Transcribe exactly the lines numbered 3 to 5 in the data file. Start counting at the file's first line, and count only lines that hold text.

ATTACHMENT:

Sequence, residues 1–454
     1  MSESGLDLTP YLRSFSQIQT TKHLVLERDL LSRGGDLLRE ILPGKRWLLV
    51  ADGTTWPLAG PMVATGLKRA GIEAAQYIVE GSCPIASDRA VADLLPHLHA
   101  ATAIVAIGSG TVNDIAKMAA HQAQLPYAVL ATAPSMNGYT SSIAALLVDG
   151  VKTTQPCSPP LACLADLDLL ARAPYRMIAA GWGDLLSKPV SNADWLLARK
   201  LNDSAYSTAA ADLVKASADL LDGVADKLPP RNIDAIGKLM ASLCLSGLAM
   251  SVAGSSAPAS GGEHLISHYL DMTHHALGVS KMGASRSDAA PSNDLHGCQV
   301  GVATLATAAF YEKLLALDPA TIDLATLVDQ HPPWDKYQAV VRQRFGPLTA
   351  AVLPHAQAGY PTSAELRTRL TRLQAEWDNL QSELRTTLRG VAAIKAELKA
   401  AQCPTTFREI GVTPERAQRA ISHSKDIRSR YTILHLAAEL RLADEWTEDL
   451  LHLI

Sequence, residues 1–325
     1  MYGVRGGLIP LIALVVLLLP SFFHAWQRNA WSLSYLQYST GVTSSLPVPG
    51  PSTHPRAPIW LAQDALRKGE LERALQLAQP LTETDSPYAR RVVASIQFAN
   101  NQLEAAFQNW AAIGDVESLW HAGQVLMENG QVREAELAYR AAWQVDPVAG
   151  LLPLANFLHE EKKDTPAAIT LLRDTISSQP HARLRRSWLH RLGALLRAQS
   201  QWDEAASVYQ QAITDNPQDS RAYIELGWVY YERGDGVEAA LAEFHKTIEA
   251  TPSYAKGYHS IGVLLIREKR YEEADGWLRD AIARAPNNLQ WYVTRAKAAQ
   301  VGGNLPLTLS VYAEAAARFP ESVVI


    51  ADGTTWPLAG PMVATGLKRA GIEAAQYIVE GSCPIASDRA VADLLPHLHA
   101  ATAIVAIGSG TVNDIAKMAA HQAQLPYAVL ATAPSMNGYT SSIAALLVDG
   151  VKTTQPCSPP LACLADLDLL ARAPYRMIAA GWGDLLSKPV SNADWLLARK